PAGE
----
In hardhat you have fixtures. These are like pre-deployed templates. If you load a fixture the first time, its executed and then a snapshot is recorded. Every time you load the same fixture, the blockchain node is reset to that snapshot.

Let's try it:

const { expect } = require("chai");
const hre = require("hardhat");
const { loadFixture } = require("@nomicfoundation/hardhat-network-helpers");


describe("Spacebear", function () {
  async function deploySpacebearAndMintTokenFixture() {
    // deploy a lock contract where funds can be withdrawn
    // one year in the future
    const Spacebear = await hre.ethers.getContractFactory("Spacebear");
    const spacebearInstance = await Spacebear.deploy();

    const [owner, otherAccount] = await ethers.getSigners();
    await spacebearInstance.safeMint(otherAccount.address);
    return { spacebearInstance };
  }

  it("be able to mint a token", async function () {
    const { spacebearInstance } = await loadFixture(
      deploySpacebearAndMintTokenFixture
    );

    const [owner, otherAccount] = await ethers.getSigners();
    expect(await spacebearInstance.ownerOf(0)).to.equal(otherAccount.address);
  });

  it("fails to transfer tokens from the wrong address", async function () {
    const { spacebearInstance } = await loadFixture(
      deploySpacebearAndMintTokenFixture
    );


    const [owner, nftOwnerAccount, notNftOwnerAccount] = await ethers.getSigners();
    expect(await spacebearInstance.ownerOf(0)).to.equal(
      nftOwnerAccount.address
    );
    await expect(
      spacebearInstance
        .connect(notNftOwnerAccount)
        .transferFrom(nftOwnerAccount.address, notNftOwnerAccount.address, 0)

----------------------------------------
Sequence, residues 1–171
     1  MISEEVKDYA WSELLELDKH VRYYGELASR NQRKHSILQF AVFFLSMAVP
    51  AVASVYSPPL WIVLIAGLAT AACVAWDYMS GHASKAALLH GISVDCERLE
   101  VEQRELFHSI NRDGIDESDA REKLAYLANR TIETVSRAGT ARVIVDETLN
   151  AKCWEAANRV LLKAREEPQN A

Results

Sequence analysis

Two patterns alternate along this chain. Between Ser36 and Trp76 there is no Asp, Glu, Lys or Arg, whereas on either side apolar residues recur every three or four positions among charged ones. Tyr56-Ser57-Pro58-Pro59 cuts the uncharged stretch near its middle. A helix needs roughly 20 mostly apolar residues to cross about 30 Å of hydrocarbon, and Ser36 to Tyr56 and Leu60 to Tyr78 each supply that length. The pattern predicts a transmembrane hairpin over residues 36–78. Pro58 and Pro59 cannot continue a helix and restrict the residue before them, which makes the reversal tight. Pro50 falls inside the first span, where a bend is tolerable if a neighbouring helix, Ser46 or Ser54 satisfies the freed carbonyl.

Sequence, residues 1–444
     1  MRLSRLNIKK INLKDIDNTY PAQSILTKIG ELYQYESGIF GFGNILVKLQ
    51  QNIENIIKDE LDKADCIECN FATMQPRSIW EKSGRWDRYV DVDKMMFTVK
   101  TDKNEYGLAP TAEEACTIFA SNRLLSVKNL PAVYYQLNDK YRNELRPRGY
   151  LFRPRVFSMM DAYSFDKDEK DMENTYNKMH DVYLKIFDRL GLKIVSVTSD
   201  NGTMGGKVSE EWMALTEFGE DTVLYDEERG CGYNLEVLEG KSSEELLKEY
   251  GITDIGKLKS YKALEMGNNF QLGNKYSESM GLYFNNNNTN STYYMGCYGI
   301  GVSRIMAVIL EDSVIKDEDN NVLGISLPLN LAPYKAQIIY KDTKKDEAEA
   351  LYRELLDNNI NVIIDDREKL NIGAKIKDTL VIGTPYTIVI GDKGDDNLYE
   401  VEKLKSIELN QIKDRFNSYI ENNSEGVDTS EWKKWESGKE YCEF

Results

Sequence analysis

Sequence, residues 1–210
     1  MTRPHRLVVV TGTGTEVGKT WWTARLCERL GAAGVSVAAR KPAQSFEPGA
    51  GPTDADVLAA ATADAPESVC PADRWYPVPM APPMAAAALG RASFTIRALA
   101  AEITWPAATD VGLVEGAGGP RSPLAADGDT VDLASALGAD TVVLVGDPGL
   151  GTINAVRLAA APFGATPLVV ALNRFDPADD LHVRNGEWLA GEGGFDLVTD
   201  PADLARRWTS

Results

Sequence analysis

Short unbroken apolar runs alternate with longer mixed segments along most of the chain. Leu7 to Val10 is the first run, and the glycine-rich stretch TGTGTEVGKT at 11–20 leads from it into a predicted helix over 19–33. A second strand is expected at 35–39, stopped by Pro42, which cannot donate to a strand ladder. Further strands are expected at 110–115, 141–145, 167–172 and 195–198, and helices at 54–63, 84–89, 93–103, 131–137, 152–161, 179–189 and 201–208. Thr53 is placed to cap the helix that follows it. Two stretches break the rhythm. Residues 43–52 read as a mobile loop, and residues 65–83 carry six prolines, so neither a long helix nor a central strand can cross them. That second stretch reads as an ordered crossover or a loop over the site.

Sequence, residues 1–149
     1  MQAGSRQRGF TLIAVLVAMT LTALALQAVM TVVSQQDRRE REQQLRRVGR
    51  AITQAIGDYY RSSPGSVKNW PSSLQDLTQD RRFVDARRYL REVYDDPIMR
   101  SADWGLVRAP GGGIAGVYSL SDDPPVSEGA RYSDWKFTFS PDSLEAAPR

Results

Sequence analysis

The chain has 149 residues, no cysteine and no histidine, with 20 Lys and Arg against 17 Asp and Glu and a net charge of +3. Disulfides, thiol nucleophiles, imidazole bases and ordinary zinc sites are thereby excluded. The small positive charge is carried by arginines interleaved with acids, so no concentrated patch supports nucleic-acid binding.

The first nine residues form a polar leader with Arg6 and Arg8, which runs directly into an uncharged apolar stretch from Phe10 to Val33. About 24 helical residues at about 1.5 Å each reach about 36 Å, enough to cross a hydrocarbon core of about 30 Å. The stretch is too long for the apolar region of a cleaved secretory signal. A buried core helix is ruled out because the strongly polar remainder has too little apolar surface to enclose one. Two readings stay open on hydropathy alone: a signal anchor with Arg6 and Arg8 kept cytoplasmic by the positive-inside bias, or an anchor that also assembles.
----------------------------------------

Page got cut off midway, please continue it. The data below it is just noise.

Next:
).to.be.revertedWith("ERC721: caller is not token owner nor approved");
  });
});

If you run the test now, it does the exact same thing as before, just the deployment is done only once and the blockchain is rolled back.

Hardhat and debugging

Hardhat has no debugger out of the box included. But hardhat has a beloved console.log feature. It had it much earlier than Truffle. And it works very very similar to the one from Truffle (and also to the one from foundry we try next).

All you really have to do is to add hardhat/console.sol into the contract and then console.log. For example:

// SPDX-License-Identifier: MIT
pragma solidity ^0.8.4;

import "@openzeppelin/contracts/token/ERC721/ERC721.sol";
import "@openzeppelin/contracts/access/Ownable.sol";
import "@openzeppelin/contracts/utils/Counters.sol";

import "hardhat/console.sol";

contract Spacebear is ERC721, Ownable {
    using Counters for Counters.Counter;

    Counters.Counter private _tokenIdCounter;

    constructor() ERC721("Spacebear", "SBR") {}

    function _baseURI() internal pure override returns (string memory) {
        return "https://ethereum-blockchain-developer.com/2022-06-nft-truffle-hardhat-foundry/nftdata/";
    }

    function safeMint(address to) public onlyOwner {
        uint256 tokenId = _tokenIdCounter.current();
        console.log("got here", tokenId);
        _tokenIdCounter.increment();
        _safeMint(to, tokenId);
    }

    function buyToken() public payable {
        uint256 tokenId = _tokenIdCounter.current();
        require(msg.value == tokenId * 0.1 ether, "Not enough funds sent");

        _tokenIdCounter.increment();
        _safeMint(msg.sender, tokenId);
    }

    // The following functions are overrides required by Solidity.

    function _burn(uint256 tokenId) internal override(ERC721) {
        super._burn(tokenId);
    }

    function tokenURI(uint256 tokenId)
        public
        pure
        override(ERC721)
        returns (string memory)
    {
        return string(abi.encodePacked(_baseURI(),"_",tokenId+1,".json"));
    }
}

Then run the tests again npx hardhat test and you'll see in the console "got here 0".


Last update: November 13, 2022